How To Avoid Office Distractions and Actually Get Work Done

We all fight fires at the office. The trick is figuring out how much of the fire fighting is just stuff that happens or is something preventable. Figuring that out means we need to step back to see what we are working on and what is causing the heartburn.

There are many tricks to help deal with overwhelm, but an important one is to do something proactive every day.

Are you proactive on at least one thing every day at work? Let us know in the comments below.

If you do something proactive every day, you’ll slowly lessen the emergency du jour you have on your job. You’ll slowly move from reacting to everything to figuring out what needs doing to prevent fires from happening in the first place.

Nice in theory, Scot. How about some examples?

The Boss Who Interrupts You All the Time

I had a boss who, every five minutes he would come see me, determine if I read the e-mail he sent less than two minutes ago and wanted to know my thoughts. Once I explained, he asked me to do that work right then. Because of this, to this day, I can’t ignore my e-mail and am in disbelief of those who promote processing e-mails once or twice a day.

What was the proactive move? I ruthlessly ensured that I had at least two hours of free time every day on my calendar so I had enough time for the “do it right now” needs of my boss. Since he was my boss for a fairly long time, when I got a new manager who didn’t operate this way, it took me a couple of weeks to figure out why I was having so much spare time on my hands…

Doing Tasks Not Part of Your Goals Requests

Your goals are your most important work tasks. They typically constitute most of your performance review and/or your bonus.

Most of us, though, throw our goals out the window and instead work on the latest and loudest requests from whoever is latest and loudest in our cubes.

The proactive move here is to schedule some time every day to work on what your goals require you to do. You then subordinate every request to your goal attainment. You can get pretty specific when you turn stuff down — “This task you are asking me to do is not part of my goals. I need the time to achieve my goals or I won’t qualify for a raise or bonus. If you really think I should be doing this, let’s go talk with my manager about priorities.”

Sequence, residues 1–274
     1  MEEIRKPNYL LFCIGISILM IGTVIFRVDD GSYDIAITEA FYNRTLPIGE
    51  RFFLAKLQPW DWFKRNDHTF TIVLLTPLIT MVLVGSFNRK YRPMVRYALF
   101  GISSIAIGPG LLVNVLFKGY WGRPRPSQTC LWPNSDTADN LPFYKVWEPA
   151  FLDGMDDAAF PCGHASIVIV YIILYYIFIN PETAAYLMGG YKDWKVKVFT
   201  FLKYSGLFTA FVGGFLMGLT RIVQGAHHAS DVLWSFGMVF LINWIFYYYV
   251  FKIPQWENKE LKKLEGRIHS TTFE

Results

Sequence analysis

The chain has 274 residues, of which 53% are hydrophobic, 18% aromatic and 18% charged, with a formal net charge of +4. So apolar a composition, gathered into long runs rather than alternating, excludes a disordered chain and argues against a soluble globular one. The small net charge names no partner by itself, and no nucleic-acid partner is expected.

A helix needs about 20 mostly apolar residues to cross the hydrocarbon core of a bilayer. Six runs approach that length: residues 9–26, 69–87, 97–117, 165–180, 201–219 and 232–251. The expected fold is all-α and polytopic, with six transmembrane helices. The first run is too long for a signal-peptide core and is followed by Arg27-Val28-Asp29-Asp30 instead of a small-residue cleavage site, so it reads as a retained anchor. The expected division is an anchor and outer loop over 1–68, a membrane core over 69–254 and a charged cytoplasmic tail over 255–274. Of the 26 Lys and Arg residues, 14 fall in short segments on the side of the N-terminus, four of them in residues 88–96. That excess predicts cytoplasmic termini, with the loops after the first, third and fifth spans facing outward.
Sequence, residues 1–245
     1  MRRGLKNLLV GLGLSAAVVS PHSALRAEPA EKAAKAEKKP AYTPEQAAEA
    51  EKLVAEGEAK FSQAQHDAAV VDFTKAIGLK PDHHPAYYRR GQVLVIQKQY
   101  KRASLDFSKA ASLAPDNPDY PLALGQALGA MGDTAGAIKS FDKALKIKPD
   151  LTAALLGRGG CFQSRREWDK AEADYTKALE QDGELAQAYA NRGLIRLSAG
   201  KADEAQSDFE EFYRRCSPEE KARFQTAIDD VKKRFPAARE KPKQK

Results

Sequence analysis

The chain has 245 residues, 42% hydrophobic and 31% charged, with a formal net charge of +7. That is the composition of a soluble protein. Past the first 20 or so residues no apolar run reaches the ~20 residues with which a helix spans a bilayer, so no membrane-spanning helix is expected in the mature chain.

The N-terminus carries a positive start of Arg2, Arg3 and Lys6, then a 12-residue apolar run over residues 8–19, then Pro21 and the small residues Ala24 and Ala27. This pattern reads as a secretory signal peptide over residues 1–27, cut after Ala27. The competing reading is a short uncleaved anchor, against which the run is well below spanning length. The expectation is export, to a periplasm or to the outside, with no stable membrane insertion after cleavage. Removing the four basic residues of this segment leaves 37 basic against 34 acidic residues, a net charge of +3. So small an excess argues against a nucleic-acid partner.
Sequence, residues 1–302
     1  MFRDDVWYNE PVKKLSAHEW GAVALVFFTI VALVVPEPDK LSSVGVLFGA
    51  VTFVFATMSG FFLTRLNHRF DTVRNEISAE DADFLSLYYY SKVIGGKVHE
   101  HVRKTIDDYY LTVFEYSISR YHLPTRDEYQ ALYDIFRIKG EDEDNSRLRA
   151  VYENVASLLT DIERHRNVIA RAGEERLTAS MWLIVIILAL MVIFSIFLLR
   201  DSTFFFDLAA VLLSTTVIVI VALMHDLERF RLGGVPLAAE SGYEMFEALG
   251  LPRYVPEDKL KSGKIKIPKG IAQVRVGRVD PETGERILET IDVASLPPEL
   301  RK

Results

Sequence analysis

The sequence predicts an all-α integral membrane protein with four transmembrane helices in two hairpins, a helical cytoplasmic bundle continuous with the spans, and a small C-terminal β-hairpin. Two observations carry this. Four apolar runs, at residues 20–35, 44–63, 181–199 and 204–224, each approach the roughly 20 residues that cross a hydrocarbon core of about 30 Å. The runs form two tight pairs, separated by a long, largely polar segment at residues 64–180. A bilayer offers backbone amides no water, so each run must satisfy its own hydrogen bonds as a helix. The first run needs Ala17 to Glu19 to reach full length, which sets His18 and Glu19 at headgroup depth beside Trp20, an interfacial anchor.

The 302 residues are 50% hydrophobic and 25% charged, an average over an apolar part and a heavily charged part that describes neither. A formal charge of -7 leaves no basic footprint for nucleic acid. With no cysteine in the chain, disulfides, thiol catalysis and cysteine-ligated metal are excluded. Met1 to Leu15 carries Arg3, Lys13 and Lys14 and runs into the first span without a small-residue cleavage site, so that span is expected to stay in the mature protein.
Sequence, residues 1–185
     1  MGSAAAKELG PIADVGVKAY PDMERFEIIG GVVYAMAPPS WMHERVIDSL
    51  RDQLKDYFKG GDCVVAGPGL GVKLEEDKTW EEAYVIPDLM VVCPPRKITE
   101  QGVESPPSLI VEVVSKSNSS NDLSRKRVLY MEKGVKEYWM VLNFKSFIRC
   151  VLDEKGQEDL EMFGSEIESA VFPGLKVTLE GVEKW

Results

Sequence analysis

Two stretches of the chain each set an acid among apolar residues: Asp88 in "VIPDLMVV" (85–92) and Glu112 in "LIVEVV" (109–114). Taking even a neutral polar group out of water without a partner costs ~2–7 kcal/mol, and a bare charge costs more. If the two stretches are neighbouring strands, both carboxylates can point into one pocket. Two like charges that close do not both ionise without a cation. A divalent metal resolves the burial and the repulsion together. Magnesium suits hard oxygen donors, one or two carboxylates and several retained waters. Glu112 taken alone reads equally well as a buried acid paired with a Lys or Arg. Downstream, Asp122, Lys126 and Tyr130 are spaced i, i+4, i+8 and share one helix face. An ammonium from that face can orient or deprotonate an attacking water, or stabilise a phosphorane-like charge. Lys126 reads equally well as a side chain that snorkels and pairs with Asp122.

Now, will everything you do be part of your goals? No. The key here is to proactively schedule time to work on your goal attainment and be ruthless about ensuring you keep that time sacred. No one will care if you don’t meet your goals as long as they get what they want from you. Only you will get screwed if you don’t attain your goals because you worked on everyone else’s tasks.

The Meeting Surprise

This one has been biting me lately. You think you know the outcome of a meeting and then someone who seems to have your position nailed throws you down in a meeting. Surprise!

The proactive move? Take the time before the meeting to determine what each person’s position is on the problem or solution the meeting is presenting. This takes some serious time, so maybe you don’t do this for every meeting you are in.

Since you know the meetings that are the most important to know about, take a look at the meetings you attend. Figure out if the meeting on the calendar is a meeting where you need to know everyone’s position going into the meeting. Then take the time to figure out what every person’s position is walking into the room.

All of these proactive positions require you to think about the work you do, what is causing you issues, and what you can proactively do to lessen the noise, surprises, rework, or calendar craziness. They require you to think through what is causing you pain in your work.

The payoff, though, is a more regular work flow, better communications, and a greater ability to produce real business results.

Comments

  1. BY Pat Saison says:

    I have worked for many bosses.

    One was a jerk, who sought to undermine me, and said I had too many windows open on my Excel spreadsheet, confusing as hell to him, and he couldn’t see how anyone could work like that, and accused me of being inefficient, and ordered me to close the multiple windows.

    Another was a nervous Nellie, a nice enough person. I passed him on the way to the restroom, he asked me how the project was going, I passed him on the way back from the restroom, he asked me how the project was going–heck, I didn’t work on project when I was in bathroom.

    The best bosses to work for are the ones that leave you alone, to do your thing.

  2. BY RMS says:

    Many labor under the tyranny of the urgent. Sometimes the urgent really is urgent, other times it’s urgent only because it was ignored for too long. Been there. done that.

    I was “thrown down” in more than one meeting, and did the throwing in others.

    Most of my bosses let me do my work but I have had two micromanagers. The first received a pass because he founded the business and understood it. The other was simply a micromanager who trsuted noone except his lackeys.

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